Tyre Preparation

Gluing and truing slot car tyres will dramatically improve the handling on cars, particularly those raced without magnets.

What you need
Rubber Tyres
Light oil (Sewing machine or Slot Car Tyre Oil)
Lighter Fluid
Flat screwdriver
Sandpaper – fine, medium and coarse
9v battery (size ‘E’)

Step 1: Using a small file or coarse sandpaper, key up the inside shoulders of your tyres. Wash them in warm, soapy water and allow them to dry.

Step 2: If you have plastic wheels on the car, put the 9v battery terminals against the pick-up braids to turn the motor at a moderate pace. Get a feel for how the motor responds and judge the next steps appropriately.

Step 3: Firmly secure medium or fine sandpaper on a flat surface and spin the hubs to remove any flash or injection pins from the contact area – but don’t get carried away and resize the wheel! Rub the wheels down with a damp cloth and allow to dry.

Step 4: Replace the tyres on the rims. Using a flat screwdriver or modelling knife, apply glue both inside edges of the tyre to the shoulder of the rim. Use only the tiniest amount of glue possible – firstly, you want to be able to break off worn-out tyres without damaging the rim and secondly, superglue can significantly reduce the grip levels of rubber over time.

Step 5: Firmly secure medium sandpaper to a flat surface. Holding the car firmly, apply the 9v battery to the pick-up braids and then place the rear wheels very gently on the sandpaper. Allow any imperfections in the rubber to be ‘buzzed off’. Check the finish with the ruler.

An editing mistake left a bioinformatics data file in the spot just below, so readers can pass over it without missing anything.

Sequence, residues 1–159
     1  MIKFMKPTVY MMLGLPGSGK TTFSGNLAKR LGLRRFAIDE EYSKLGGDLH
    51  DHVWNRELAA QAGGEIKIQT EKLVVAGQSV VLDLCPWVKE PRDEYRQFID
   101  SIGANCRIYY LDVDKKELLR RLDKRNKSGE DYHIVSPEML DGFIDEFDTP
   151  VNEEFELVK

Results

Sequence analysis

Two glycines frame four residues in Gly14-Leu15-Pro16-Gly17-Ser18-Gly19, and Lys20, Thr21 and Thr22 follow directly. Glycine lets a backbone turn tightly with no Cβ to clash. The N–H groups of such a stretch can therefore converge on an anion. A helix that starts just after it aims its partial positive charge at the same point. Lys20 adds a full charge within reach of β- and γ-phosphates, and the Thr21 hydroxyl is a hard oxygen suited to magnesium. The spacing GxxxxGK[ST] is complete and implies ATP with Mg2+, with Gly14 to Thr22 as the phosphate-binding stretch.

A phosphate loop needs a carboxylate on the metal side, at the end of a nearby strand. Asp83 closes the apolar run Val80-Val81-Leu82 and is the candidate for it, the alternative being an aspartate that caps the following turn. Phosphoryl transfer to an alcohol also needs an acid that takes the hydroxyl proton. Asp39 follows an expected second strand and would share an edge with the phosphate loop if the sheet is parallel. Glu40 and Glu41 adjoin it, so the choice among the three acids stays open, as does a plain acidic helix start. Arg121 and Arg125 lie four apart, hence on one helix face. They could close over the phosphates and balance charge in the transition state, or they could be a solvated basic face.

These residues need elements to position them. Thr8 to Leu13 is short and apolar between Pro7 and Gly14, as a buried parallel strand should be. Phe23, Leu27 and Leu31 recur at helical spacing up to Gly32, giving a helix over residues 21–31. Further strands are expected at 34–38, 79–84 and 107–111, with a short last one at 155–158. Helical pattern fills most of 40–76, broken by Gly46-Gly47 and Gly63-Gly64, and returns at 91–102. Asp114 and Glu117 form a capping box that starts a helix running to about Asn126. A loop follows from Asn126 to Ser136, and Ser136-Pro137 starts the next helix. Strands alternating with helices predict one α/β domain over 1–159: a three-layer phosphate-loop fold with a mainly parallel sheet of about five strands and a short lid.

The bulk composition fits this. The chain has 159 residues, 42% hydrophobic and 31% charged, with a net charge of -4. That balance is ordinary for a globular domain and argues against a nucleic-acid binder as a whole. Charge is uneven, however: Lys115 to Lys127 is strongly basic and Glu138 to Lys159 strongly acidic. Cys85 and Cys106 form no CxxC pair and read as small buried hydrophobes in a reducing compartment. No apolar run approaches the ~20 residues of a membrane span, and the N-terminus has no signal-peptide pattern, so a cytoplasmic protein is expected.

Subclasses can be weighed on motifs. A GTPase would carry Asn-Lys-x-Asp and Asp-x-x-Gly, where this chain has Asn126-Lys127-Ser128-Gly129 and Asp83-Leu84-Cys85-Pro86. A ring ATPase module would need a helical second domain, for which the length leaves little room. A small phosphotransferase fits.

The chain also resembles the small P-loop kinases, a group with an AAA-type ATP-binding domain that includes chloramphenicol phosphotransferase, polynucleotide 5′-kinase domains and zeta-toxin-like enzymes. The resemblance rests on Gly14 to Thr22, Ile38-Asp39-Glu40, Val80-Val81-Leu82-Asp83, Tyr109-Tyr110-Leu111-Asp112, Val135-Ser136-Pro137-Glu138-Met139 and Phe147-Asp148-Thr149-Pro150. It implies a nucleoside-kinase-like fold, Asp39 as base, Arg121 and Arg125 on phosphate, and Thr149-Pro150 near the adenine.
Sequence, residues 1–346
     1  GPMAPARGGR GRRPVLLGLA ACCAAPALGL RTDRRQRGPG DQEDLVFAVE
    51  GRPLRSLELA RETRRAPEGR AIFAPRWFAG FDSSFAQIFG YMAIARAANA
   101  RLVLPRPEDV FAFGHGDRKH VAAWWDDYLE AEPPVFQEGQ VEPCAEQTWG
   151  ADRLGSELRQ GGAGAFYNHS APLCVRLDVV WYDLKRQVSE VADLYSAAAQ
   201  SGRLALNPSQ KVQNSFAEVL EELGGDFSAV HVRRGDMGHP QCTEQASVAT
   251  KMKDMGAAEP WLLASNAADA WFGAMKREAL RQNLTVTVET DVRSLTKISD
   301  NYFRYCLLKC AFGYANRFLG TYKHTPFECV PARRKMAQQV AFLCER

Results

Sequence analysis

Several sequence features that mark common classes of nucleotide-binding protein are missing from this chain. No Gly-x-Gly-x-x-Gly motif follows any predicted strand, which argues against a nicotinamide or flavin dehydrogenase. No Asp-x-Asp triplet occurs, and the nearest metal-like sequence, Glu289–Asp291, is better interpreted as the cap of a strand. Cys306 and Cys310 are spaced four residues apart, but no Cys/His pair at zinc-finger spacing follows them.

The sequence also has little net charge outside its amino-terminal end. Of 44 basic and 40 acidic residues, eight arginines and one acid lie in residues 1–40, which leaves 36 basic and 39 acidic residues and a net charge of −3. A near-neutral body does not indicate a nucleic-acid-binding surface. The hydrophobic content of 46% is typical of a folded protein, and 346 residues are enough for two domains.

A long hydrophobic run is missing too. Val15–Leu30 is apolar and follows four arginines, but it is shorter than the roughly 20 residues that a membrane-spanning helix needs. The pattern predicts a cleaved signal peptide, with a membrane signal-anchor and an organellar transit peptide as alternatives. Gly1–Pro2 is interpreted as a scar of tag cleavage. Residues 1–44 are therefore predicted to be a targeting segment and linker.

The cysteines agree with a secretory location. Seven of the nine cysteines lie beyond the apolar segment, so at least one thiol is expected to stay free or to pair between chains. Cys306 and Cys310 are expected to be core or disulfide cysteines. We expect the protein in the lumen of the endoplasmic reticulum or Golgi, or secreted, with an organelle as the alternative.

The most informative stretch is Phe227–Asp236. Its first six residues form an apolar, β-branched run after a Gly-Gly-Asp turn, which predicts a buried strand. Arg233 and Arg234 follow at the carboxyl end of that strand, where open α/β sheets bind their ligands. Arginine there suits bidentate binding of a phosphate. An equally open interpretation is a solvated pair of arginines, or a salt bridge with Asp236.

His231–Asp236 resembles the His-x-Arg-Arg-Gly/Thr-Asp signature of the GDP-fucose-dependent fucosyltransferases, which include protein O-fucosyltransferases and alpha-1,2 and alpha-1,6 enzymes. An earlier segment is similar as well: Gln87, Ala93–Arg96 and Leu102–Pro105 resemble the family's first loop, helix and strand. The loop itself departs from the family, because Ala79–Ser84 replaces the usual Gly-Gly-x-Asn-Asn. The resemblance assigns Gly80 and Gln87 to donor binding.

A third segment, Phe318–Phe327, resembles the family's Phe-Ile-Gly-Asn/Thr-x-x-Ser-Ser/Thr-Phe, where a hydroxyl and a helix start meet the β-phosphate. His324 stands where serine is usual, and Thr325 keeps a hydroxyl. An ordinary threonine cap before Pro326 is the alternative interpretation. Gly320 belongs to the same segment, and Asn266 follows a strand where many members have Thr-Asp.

Step 6: With the contact patch now smooth, you will likely have a rough-liking finish to the top edges of the tyre. Create a smooth, rounded edge to the tyre by gently working it over the sandpaper while the 9v battery spins the wheels.

Step 7: Apply a drop of light oil (sewing machine oil is perfect), and work it in to the rubber with your fingertip.

Step 8: Clean up any excess oil with a cloth, impregnated with a little lighter fluid.

Step 9: Go racing!

Note: It is possible to buy a ‘tyre truer’ for around £150-200 but for most purposes sandpaper will suffice. Emery boards are available at the club for any last-minute ‘buzzing’ of the tyres.